Economic activity would increase significantly when a COVID-19 vaccine becomes available, but would still be around 10% lower than pre-pandemic levels, according to a report drawn up by statistician Vince Marmara and former PM Joseph Muscat.
The report is based on the findings of a telephone-based, scientific survey conducted by Dr Vincent Marmara and Sagalytics during the second week of May 2020, and is supplemented by a resulting economic analysis carried out by The Office of Dr Joseph Muscat.
It found that economic activity is still expected to fall considerably despite the easing of measures, as the Maltese seem to prefer to wait for a vaccine before returning to a normal level of activity. But even then, consumption is expected to be lower than that prior to the pandemic, indicating that COVID-19 could have long-lasting effects on the economy.
This is also the case with the younger generations, who are less susceptible to COVID-19 complications.
Fear of contagion
Participants were asked about their use of particular services before and during the pandemic, and their expected consumption after a vaccine becomes available.
These services include restaurants and coffee shops, clothes and footwear shops, furniture and appliances, a break at a local hotel or at a farmhouse in Gozo, a holiday abroad and the use of public transport and taxis.
The results show that, on average, consumption activity under these categories would fall by around 81% during the pandemic. Respondents indicated that, during this period, they would forego the services that they feel would pose the highest risk of infection, particularly activities that bring them closer to other people.
Demand for holidays abroad, for hotel breaks and for Gozo farmhouse stays fall by 93%, 90% and 87% respectively.
The use of public transport sees a fall of 80%, even after the lifting of restriction measures.
Retail activities, coffee shops and the use of ride hailing services are expected to be affected slightly less during this period.
Less than before
Activity across these sectors is expected to be boosted significantly with the arrival of a vaccine but would still be around 10% less than pre-pandemic levels.
This, the reports states, could be the result of incessant campaigns urging people to stay inside.
“Nevertheless, as the narrative slowly changes, one might see a more positive shift in outlook, and thus confidence and consumption, by consumers.”
The findings could indicate that the current medical and economic uncertainty is negatively affecting consumers’ perception of their future financial position. “In other words, even households that are not currently experiencing financial difficulties, are cutting back on expenditure because of fear of the unknown.”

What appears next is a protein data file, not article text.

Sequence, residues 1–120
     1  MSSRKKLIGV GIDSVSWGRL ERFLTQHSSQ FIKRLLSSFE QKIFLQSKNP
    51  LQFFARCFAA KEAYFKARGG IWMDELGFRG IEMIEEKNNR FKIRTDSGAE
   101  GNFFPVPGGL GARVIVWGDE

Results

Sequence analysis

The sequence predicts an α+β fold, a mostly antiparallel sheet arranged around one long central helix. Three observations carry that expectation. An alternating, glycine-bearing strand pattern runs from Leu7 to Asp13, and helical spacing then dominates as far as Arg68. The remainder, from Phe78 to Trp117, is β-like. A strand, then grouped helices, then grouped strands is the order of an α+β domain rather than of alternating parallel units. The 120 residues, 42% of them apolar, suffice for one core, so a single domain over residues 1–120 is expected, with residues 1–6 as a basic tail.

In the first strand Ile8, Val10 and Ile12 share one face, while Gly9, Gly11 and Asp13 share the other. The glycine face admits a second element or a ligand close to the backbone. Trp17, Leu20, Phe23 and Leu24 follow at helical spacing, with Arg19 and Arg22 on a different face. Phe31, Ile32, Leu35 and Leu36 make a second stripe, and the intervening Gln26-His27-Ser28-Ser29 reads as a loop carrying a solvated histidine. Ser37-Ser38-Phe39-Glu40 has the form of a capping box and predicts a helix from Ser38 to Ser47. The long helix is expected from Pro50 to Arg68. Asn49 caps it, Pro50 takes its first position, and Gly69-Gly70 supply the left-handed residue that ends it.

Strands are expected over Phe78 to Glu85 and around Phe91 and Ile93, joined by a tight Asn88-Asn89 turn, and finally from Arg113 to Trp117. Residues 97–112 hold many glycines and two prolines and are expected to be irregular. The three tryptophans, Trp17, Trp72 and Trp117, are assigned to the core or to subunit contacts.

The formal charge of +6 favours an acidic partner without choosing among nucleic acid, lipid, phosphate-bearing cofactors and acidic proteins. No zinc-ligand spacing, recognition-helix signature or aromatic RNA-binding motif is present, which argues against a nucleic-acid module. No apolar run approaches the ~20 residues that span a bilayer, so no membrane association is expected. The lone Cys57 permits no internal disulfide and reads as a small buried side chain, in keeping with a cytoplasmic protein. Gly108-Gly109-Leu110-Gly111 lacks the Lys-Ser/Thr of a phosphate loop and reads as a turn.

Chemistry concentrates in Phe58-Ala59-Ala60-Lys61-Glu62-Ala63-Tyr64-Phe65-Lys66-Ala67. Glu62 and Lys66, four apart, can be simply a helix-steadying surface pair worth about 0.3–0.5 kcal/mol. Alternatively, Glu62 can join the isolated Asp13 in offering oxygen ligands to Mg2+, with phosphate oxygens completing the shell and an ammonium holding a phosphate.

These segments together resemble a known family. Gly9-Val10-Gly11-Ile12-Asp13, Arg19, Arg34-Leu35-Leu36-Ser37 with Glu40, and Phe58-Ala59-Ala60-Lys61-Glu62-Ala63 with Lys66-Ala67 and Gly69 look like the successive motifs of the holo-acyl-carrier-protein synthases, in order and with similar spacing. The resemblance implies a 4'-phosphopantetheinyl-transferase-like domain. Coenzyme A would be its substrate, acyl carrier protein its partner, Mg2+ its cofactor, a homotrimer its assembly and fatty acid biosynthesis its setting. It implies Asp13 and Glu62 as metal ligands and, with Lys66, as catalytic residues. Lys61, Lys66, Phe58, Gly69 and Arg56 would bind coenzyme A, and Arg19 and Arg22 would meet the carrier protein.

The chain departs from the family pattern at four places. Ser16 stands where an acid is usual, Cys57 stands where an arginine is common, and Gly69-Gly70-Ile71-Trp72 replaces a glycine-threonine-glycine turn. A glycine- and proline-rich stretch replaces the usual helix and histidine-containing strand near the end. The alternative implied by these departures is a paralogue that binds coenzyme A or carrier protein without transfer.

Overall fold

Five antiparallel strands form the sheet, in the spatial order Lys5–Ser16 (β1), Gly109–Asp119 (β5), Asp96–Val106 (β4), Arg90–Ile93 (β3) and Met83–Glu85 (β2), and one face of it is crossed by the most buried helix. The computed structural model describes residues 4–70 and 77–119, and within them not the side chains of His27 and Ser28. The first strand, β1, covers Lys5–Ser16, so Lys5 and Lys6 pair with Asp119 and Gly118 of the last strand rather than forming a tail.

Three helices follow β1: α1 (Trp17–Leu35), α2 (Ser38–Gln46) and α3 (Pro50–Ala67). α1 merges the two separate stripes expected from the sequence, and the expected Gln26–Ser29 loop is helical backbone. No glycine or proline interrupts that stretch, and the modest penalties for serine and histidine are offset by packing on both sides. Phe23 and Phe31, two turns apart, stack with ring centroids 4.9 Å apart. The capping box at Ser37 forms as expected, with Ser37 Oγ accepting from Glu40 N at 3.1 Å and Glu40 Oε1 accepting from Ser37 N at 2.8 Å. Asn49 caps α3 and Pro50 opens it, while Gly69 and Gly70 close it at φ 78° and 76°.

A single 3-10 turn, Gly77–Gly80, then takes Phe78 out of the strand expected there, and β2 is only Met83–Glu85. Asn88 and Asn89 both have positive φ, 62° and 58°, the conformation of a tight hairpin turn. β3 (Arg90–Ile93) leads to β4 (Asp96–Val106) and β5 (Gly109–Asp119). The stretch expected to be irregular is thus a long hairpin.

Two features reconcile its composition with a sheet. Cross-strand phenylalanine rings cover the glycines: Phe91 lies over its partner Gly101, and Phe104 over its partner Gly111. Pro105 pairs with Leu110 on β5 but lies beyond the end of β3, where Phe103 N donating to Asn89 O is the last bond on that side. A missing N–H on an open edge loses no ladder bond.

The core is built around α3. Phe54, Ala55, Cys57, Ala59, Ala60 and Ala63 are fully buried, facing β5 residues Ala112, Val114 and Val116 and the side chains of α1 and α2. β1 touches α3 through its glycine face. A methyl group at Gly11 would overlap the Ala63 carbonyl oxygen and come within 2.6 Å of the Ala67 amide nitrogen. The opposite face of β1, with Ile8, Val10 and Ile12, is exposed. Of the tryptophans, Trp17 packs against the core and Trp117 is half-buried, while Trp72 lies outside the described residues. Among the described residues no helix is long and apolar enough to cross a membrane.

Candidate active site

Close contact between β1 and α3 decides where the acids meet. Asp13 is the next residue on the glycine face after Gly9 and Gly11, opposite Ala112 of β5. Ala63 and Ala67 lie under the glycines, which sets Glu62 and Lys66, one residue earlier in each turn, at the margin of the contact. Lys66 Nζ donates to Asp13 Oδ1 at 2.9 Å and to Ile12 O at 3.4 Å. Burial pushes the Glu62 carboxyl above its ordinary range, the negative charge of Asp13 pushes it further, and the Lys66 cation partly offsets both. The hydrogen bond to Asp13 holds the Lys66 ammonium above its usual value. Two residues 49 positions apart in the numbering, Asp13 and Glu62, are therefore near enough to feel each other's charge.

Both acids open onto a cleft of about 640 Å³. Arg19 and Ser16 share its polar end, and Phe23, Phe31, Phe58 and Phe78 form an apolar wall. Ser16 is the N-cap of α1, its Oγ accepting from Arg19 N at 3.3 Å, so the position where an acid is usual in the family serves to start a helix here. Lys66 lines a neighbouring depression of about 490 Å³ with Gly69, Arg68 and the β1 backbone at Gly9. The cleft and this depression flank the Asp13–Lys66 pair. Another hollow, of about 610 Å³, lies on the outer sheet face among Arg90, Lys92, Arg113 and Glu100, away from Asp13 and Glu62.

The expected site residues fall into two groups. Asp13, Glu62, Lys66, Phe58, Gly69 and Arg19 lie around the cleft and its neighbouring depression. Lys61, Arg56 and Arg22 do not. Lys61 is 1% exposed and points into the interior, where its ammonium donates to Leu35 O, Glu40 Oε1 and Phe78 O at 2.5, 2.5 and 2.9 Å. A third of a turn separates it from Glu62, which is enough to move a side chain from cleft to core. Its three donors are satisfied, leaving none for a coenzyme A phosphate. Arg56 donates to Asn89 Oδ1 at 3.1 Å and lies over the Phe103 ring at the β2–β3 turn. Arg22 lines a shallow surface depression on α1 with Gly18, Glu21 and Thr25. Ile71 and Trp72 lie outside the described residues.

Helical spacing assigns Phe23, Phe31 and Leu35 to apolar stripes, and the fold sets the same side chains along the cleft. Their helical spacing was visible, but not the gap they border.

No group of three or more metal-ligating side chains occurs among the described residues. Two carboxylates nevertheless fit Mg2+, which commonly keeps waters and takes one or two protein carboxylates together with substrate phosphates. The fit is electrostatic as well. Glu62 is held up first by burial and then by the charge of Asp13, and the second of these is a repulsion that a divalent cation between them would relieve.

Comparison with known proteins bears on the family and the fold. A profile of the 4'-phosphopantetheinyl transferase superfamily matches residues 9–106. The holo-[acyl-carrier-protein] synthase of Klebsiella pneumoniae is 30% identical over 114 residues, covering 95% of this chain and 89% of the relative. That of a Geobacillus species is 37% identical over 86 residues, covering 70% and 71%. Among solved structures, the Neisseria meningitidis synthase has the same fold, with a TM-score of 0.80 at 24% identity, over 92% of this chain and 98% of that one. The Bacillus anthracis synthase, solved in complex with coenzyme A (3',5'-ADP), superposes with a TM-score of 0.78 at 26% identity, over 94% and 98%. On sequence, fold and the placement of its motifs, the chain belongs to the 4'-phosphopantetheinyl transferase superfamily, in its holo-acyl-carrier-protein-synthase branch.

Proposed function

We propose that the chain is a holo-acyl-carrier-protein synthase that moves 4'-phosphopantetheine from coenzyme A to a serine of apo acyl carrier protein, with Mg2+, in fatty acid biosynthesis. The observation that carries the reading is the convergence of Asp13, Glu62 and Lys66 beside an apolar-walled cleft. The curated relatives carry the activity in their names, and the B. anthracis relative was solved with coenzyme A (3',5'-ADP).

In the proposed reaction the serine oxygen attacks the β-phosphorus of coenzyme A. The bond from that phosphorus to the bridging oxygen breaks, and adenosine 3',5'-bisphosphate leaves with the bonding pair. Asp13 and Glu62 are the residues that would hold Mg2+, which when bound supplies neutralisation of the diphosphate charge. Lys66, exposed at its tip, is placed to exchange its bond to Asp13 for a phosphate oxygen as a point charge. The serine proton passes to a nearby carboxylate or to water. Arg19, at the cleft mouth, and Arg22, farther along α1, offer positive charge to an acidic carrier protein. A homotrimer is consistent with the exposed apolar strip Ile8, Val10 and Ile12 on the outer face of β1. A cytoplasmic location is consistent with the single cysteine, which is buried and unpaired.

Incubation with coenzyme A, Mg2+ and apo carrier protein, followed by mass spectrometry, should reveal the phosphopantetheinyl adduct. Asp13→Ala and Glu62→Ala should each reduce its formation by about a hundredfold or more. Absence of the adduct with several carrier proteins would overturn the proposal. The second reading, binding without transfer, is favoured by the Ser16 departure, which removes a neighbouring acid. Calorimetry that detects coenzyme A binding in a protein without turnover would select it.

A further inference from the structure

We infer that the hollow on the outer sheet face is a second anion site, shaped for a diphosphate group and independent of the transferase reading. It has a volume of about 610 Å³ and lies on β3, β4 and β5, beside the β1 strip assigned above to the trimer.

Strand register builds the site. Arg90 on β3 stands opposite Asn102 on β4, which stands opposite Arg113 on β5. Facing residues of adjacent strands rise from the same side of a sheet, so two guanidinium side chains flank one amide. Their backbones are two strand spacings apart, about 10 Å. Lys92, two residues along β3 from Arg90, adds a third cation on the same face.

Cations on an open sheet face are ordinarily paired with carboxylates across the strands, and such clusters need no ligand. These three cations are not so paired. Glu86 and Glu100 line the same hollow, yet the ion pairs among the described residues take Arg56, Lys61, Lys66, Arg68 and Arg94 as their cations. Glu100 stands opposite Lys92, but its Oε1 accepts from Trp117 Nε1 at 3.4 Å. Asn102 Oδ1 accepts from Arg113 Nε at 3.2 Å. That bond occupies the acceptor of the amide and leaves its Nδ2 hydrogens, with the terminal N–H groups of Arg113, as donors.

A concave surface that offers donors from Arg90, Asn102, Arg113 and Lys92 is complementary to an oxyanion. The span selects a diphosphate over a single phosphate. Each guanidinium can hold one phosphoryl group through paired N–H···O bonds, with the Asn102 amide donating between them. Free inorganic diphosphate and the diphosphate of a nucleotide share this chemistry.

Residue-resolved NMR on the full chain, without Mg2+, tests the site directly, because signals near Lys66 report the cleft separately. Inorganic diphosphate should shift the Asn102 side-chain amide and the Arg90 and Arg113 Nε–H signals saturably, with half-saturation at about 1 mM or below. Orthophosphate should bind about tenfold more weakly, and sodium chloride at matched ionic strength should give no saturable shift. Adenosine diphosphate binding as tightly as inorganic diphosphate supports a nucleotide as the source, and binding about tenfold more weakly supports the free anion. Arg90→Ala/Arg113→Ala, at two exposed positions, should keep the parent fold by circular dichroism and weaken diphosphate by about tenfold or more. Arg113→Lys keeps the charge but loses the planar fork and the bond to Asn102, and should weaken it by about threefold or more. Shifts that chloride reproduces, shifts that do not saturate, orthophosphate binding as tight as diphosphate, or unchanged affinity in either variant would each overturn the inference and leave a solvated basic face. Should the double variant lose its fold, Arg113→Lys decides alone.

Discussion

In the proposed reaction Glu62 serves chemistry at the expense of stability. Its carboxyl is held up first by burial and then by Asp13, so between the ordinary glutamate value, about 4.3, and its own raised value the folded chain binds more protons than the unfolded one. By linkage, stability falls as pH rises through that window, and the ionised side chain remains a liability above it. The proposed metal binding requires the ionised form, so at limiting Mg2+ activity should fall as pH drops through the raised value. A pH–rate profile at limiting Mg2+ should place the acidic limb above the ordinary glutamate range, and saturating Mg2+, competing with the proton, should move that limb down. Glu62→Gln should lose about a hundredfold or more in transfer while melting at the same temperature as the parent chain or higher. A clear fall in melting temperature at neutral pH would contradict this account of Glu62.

Female respondents were more likely to cut the consumption of the activities and services under consideration than their male counterparts, both during the COVID-19 pandemic and even after the availability of a vaccine.
Despite the scientifically proven lower level of susceptibility of the younger cohorts to COVID-19 complications, respondents aged 16-25 are expected to cut consumption activities across all sectors by around 80%, the study found.
“Indeed, these figures might suggest that contrary to a-priori expectations, the younger cohorts are not expected to boost their consumption pattern significantly after relaxation measures.”
The exception to this is consumption in restaurants and other retail, where the activity levels for this age group is expected to surpass pre-pandemic levels.
The COVID-19 wage supplement
The COVID-19 wage supplement is quite effective in temporarily sustaining expenditure at this point in time, the respondents showed.
This, however, should not be interpreted as suggesting that economic recovery could take place through such subsidies, the report continues.
Increasing the subsidies could be the popular option, but would “surely” be unsustainable and probably lead to a collapse in public finances, a decrease in productivity and competitiveness and spiralling unemployment. It could also lead to social tensions.
A less popular but more effective option would be the tapering of benefits.
Around a fifth of respondents said they have a child younger than five.
Half of these used to send their children to childcare before the pandemic.
Only 17% of respondents said they would send their children to childcare before a vaccine is found. 53% would make use of such facilities after a vaccine becomes available.
This reluctance would mean that at least one parent is staying at home to care for the children.
“This has major economic and social repercussions as it implies that there is a concrete risk of workers deciding to drop out of the labour force for the duration of the pandemic, impinging negatively on the supply side of the economy.”
Women, especially those from a deprived background, are most likely to suffer, the report continues.
Respondents were also asked whether they would: a) stay at a local hotel; b) go for a break in Gozo and; c) do house maintenance or change appliances if the government offered financial aid.
In the case of internal tourism, demand would increase threefold with financial incentives, but would still be less than half of pre-pandemic levels.
65% said they would go for household maintenance and upgrades, given financial incentives.
Participants were asked what measures and guidelines could help make them feel safer in certain establishments until a vaccine is found.
Use of hand sanitisers and facial masks as well as regular cleaning are the three mitigation methods that are by far preferred by Maltese consumers.
Many also mentioned a certification mechanism by the competent authorities.
Other measures included online cameras in shops to watch cleaning procedures and crowding, and cameras in restaurant kitchens.
Younger generations are more inclined to believe that contactless payments reduce the risk of contagion.